Accordingly, until the CRD provides guidance on who or what is and is not a “labor contractor” under SB 1162, employers can look to how “usual course of business” is defined in other statutory contexts. This includes California Labor Code § 2810.3, the joint employer liability statute, which defines “usual course of business” as the “regular and customary work of a business, performed within or upon the premises or worksite of the client employer.”

It is likely that California Labor Code § 2810.3’s “usual course of business” definition has equal application to SB 1162 because both statutes define “labor contractor” identically. This definition of usual course of business is a helpful aid in ascertaining who or what is a labor contractor for purposes of SB 1162’s reporting requirement. 

Contractual Considerations

As stated above, the CRD may ask a court to impose a civil penalty of up to $100 per employee for initial violations and $200 per employee for subsequent violations. While SB 1162 does contain a built-in mechanism to apportion an appropriate proportion of penalties to labor contractors that fail to provide employers with the requisite reporting data, employers can take additional measures to circumscribe or eliminate potential financial consequences.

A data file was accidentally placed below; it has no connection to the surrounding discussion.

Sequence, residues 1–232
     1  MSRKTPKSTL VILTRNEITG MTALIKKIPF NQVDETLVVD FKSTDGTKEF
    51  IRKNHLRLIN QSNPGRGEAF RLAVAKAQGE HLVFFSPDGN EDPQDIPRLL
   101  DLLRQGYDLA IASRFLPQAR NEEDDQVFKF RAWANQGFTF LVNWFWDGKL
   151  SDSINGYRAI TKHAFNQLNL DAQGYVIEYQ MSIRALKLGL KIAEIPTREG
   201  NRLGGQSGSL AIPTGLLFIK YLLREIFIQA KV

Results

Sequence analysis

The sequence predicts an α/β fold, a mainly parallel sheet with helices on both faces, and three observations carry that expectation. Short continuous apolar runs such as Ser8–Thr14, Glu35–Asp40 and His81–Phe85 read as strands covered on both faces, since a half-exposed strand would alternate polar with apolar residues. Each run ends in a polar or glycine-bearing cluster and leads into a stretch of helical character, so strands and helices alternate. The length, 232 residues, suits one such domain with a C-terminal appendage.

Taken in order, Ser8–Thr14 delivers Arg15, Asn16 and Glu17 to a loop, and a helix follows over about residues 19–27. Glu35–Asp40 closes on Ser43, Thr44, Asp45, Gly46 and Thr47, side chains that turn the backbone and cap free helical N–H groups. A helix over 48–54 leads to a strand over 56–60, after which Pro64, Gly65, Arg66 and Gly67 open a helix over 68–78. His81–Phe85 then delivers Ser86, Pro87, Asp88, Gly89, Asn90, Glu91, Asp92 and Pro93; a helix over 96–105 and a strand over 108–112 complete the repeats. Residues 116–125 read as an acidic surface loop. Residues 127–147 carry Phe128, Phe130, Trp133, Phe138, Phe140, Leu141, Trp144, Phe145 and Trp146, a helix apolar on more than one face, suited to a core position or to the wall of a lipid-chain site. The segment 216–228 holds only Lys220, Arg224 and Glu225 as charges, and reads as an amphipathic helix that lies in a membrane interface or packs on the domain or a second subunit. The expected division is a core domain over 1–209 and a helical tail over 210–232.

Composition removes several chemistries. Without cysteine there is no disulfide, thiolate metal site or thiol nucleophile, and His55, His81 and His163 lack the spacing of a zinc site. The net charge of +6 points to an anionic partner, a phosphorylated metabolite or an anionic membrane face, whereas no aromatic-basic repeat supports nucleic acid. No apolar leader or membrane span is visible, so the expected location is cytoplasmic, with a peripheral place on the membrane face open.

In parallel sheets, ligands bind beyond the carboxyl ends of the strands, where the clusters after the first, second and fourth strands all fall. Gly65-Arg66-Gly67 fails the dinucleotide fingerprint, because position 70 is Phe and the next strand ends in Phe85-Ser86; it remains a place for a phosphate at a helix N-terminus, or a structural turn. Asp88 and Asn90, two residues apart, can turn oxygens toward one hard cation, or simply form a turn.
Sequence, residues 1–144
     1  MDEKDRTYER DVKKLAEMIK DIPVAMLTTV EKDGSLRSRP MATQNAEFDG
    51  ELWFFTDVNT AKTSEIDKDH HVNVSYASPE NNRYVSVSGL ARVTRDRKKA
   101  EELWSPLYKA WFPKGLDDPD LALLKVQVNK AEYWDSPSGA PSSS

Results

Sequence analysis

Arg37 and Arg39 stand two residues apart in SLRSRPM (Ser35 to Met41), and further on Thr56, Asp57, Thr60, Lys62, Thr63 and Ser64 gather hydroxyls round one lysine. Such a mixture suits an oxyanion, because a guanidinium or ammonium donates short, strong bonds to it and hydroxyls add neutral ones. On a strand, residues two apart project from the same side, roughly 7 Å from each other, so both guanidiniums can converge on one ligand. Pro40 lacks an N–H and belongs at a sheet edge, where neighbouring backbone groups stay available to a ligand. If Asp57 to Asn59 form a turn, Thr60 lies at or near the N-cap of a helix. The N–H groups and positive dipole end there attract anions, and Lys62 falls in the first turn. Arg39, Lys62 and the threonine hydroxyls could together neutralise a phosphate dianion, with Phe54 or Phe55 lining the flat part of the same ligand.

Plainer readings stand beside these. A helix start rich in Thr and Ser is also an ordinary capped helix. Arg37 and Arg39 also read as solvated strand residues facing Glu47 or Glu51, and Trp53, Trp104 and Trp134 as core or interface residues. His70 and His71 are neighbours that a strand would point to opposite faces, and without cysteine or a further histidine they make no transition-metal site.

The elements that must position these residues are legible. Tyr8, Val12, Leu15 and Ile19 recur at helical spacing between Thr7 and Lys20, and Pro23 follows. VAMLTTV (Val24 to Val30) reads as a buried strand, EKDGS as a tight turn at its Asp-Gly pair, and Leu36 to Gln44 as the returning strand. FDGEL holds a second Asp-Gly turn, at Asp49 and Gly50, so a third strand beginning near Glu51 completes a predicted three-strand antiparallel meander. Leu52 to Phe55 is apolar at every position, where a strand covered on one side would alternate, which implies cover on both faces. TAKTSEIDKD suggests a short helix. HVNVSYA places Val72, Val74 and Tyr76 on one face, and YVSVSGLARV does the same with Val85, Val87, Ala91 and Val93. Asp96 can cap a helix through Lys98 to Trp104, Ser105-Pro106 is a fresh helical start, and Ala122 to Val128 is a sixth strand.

Most significantly, employers should confirm their contracts with labor contractors include appropriate indemnity clauses to cover such eventualities. Language requiring indemnification of any failure to “supply all necessary pay data to the employer (or the CRD) as is required by California Government Code § 12999,” for example, should be included. 

The Bottom Line

The passage of SB 1162, which will go into effect on Jan. 1, 2023, carries with it many substantive obligations with respect to pay data reporting and pay data disclosures. Employers are advised to start early to determine the appropriate occupational survey band (established by the U.S. Bureau of Labor Statistics) for each of their positions so they are prepared to provide all the requisite data come May 2023. Employers should also revisit their contracts with any entity that may be deemed to be a current labor contractor to determine whether contractual terms should be renegotiated. Finally, employers should review all existing job postings to ensure information required by SB 1162 is included.